Celebrating the October Revolution
Red banners in parade past Lenin’s Tomb on Red Square
[NOTE: This blog is an updated version of one that appeared Nov. 7, 2011.]
Every year on November 7th, the Soviets put on a massive celebration honoring the Great October Revolution. When the Soviets changed their calendars to match those of the western world, the date of the October Revolution in 1917 fell on Nov. 7th.
In the two years we lived in
this huge Bolshevik celebration was something to behold. The Soviets prepared for this for days in
advance, because it involved many thousands of Soviet soldiers, sailors,
airmen, as well as still more thousands of civilians. For us military and naval attachés, it was
also an opportunity to see whatever the Moscow Soviet Union
wanted to show off in their latest weaponry.
We were invited to come in uniform and sit in reserved seats, right below the tribune where General Secretary Leonid Brezhnev and all the Politburo and all the Soviet generals and admirals stood to review the parade.
However, in the years I was there, we were directed to show American disapproval with the Soviet invasion of
so we did not accept the invitation to sit in the stands just beneath all the
Soviet leaders. Afghanistan
Instead, we showed up heavily wrapped in warm civilian clothing, in the crowd with hundreds of thousands of Russians.
[Isn’t it strange that twenty years later
would invade ?] Afghanistan
This day was a day to observe Russians celebrating the birth of their
, to watch the marching troops, and
hopefully, to discover a new missile or other weapon the Soviets were
producing. It was a tremendous
celebration, even though it could be pretty chilly. Millions of Russians would drink quite a lot
of vodka before the day was over. Communist State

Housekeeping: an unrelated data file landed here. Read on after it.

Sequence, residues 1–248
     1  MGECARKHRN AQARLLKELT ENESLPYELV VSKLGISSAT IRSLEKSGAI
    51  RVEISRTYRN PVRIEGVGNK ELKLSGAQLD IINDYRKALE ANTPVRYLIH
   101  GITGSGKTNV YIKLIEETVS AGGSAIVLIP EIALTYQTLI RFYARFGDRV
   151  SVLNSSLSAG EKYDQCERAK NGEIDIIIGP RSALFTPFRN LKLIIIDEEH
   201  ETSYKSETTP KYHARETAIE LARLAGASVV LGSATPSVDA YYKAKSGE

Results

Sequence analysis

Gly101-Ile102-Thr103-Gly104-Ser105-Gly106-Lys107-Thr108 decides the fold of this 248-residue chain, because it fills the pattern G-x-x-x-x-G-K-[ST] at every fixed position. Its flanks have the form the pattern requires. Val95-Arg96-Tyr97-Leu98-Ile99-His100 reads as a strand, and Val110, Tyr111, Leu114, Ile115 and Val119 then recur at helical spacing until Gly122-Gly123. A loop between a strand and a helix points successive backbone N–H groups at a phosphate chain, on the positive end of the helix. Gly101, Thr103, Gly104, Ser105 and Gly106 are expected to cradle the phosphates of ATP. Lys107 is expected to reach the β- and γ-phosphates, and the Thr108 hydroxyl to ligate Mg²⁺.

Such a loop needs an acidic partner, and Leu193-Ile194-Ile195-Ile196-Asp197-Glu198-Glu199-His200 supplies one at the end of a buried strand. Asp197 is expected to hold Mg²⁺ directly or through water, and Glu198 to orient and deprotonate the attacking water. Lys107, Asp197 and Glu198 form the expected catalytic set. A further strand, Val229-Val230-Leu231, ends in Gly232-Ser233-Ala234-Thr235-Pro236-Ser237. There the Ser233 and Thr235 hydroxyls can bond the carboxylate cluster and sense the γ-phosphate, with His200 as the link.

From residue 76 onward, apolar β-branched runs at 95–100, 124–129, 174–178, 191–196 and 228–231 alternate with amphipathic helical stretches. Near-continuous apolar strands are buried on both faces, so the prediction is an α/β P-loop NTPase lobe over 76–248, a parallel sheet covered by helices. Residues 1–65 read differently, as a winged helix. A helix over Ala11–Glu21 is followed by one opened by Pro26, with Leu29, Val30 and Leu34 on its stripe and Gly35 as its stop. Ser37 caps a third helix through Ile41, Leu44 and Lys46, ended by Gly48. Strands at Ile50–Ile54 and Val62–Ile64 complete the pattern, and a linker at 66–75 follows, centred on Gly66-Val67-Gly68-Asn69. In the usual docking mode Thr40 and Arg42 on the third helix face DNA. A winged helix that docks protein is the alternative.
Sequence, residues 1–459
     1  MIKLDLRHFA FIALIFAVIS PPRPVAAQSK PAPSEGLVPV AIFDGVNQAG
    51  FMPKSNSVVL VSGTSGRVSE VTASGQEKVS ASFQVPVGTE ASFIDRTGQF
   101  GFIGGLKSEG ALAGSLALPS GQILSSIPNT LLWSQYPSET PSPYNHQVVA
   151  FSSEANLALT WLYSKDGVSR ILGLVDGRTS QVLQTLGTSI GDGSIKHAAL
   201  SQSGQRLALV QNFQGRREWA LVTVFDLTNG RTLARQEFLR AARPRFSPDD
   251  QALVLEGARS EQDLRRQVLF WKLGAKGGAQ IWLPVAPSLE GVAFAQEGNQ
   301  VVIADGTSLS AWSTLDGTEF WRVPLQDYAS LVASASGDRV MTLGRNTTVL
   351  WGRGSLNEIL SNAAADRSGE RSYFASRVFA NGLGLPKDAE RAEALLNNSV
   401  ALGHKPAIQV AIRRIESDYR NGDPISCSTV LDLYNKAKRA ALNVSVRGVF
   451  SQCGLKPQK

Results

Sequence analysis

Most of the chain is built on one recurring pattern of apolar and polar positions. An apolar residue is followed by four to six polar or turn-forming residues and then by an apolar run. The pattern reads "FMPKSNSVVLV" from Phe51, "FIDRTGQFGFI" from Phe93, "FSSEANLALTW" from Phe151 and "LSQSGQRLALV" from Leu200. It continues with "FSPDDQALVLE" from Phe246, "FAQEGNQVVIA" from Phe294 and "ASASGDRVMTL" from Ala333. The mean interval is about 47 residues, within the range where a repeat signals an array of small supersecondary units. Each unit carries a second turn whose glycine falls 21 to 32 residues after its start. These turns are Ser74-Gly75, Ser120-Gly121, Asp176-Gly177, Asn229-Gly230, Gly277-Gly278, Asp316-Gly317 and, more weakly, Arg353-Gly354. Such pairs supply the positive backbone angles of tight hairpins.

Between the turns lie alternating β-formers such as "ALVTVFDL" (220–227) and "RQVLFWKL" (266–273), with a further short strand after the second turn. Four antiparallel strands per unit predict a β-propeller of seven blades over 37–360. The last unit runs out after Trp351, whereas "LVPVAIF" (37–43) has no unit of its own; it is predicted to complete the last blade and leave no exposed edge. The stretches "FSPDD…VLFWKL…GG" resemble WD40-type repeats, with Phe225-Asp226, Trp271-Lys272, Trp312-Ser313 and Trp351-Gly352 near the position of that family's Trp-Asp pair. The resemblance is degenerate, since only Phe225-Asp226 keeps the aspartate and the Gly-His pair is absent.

For American and allied military attachés in the Embassy, after several hours of standing in frigid weather watching the parade, we’d show up at the home of one of us for plates of steaming hot American chili, Danish or Czech beer, and Swedish Glögg (a lethal concoction of akvavit, red wine, port, cinnamon and other spices).
Watching an event in Red Square is one of life’s exciting experiences, I think, because your mind can take you back to grainy black-and-white images of Marshal Stalin standing atop that tribune, as the Red Army troops, the same ones who had defeated the Nazis at
Stalingrad and many
other battles, marched in review. On one
end of the square is St. Basil’s Cathedral, and all along another side are the
onion domes of churches inside the Kremlin.
Red Square parade, 1941
As we were walking from our Embassy toward the parade, my 20-year-old son Mark was with me. He had been studying at the
University of Maryland
in Munich, but he was in on holiday. He spotted an older Russian woman on a
stepladder, trying to hang a Soviet flag on the street. Mark saw that she was
having trouble doing it, so he gallantly took her place on the ladder and hung
it up. It’s a good thing that had not
happened during the days of Senator McCarthy! Moscow
Mark later got a job as a security clerk at the construction site for the new American embassy in
. He had to check the identification badges of
Soviet workmen coming to work on the site.
It did wonders for his ability to speak Russian! Moscow
American Army Marching in Red Square: What a fascinating experience it was in 2010 to see pictures of an American Army unit marching in Red Square, to help the Russians celebrate the Allied victory over
May 9th, 1945. ( Germany America, Great
Britain and France
celebrated on May 8th, but the actual German surrender happened
time, hence May 9th.) Moscow
U.S. Army helps Russians Commemorate Victory over Germany May 9th, 2010
Contact me at firstname.lastname@example.org